Learn About The 6 Cults From Season 2 Of 'People Magazine Investigates: Cults'
The new season features deep dives into each of these six cults, some well-known, and some you're probably never heard of. Watch Mondays at 9/8c on Investigation Discovery.
Photo By: Charles Manson [APImages/George Brich/courtesy Lucky 8]
Photo By: Bonnie Nettles & Marshall Applewhite [AP Images/Lucky 8]
Photo By: The Work [Stephen Mehl/Lucky 8]
Photo By: The Move [Cara Cobb/Lucky 8]
Photo By: Children of God [Keystone Press Agency/Zuma/Lucky 8]
Photo By: Word of Faith Fellowship church leader Jane Whaley talks to members of the media as husband Sam listens [APImages/Chuck Burton]
The Manson Family
The Manson family cult was formed in California in the late 1960s. It was led by the charismatic Charles Manson, and the horrific crimes committed by members of the group have made headlines for over 50 years.
Manson was an unemployed ex-convict who upon his release from prison in 1967 started developing a following in California.
Manson’s loyal crew – a small group made up mostly of young women and girls – took up residence at Spahn’s Movie Ranch near Topanga Canyon Boulevard in Los Angeles County. He told them that a race war, which he called “Helter Skelter” was coming.
The group became infamous following the murders of actress Sharon Tate, who was eight months pregnant, and four others on August 8, 1969 by Atkins, Tex Watson, Linda Kasabian, and Patricia Krenwinkel.
The next night, four family members killed Leno and Rosemary LaBianca — and later told police that they were acting under the orders of Manson at the time.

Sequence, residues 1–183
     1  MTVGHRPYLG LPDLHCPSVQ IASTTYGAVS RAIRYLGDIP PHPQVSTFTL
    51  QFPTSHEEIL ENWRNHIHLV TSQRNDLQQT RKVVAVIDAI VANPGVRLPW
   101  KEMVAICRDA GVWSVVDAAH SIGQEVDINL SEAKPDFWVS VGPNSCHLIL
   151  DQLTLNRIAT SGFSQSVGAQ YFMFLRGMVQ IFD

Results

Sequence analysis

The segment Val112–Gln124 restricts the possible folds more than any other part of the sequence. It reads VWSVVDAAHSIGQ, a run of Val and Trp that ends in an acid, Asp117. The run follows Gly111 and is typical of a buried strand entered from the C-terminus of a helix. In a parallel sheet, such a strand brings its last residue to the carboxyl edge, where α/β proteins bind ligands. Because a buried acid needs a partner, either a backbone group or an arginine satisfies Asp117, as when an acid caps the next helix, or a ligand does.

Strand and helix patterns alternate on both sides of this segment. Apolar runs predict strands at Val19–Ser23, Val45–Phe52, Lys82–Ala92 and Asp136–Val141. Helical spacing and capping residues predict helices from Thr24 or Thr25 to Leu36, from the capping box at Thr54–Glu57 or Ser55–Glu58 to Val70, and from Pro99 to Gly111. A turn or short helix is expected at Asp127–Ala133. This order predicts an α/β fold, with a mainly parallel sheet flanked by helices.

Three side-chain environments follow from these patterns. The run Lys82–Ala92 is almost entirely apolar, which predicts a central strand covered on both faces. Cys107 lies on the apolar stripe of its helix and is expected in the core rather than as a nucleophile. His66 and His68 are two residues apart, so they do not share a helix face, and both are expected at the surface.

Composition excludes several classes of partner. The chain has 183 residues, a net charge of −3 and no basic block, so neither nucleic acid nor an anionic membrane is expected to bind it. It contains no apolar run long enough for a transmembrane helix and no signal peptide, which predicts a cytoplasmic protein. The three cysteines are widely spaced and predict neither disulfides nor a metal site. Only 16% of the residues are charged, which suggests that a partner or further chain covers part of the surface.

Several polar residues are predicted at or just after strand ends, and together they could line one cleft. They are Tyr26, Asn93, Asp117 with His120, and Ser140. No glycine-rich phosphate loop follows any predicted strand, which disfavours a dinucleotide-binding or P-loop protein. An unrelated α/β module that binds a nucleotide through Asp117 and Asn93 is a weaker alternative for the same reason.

Manson was eventually convicted of first-degree murder and conspiracy to commit murder for his role in multiple deaths. He was sentenced to death, which was later converted to life in prison. Manson died in 2017 while behind bars.
Heaven’s Gate was founded in 1974 by Marshall Applewhite and Bonnie Nettles after they met in Texas.
The son of a Presbyterian minister, Applewhite was an avid science fiction reader. After meeting Nettles, Applewhite stated that he believed that they had had a relationship in a former life.
Eventually, the couple formed the opinion that they had been chosen to fulfill Biblical prophecies, and that they had been given higher-level minds than other people.
They called themselves "The Two," or "The UFO Two." They wanted to contact extraterrestrials, and sought out followers whom they called "the crew."
In 1975, Applewhite, Nettles, and their followers bid farewell to their families and disappeared form the public eye.
Walter Cronkite reported on the CBS Evening News that "A score of persons ... have disappeared. It's a mystery whether they've been taken on a so-called trip to eternity – or simply been taken."
On March 26, 1997, police discovered the bodies of 39 members of the group in a house in the suburb of Rancho Santa Fe. Investigators learned that the cult members had committed mass suicide in order to reach what they believed to be a UFO that was following Comet Hale-Bopp.
Just before the suicide, the group's website was updated with the message: "Hale-Bopp brings closure to Heaven's Gate ... Our 22 years of classroom here on planet Earth is finally coming to conclusion – 'graduation' from the Human Evolutionary Level. We are happily prepared to leave 'this world' and go with Ti's crew.”
The Work was a Connecticut-based cult that attracted hundreds of followers during the 1970s, ’80s, and ’90s.
It was founded by Julius Schacknow, who went by the name "Brother Julius".
During the 1980s, the group oversaw the building of an massive real estate and construction business, according to the Hartford Courant.
After Schacknow died in 1996, Paul Sweetman assumed control of the group. In 2004, Sweetman was reported missing by his wife.
In August 2004, part of a human leg was found at the Shuttle Meadow golf course in New Britain. DNA testing confirmed that it was Sweetman's.
Two group members, Rudy Hannon and Sorek Minery, were arrested and charged in connection with Sweetman's death.
Hannon and Minery have both pleaded not guilty to the charges.
The Move was a nondenominational charismatic Christian group founded in the 1960s by former Baptist preacher Sam Fife in Miami.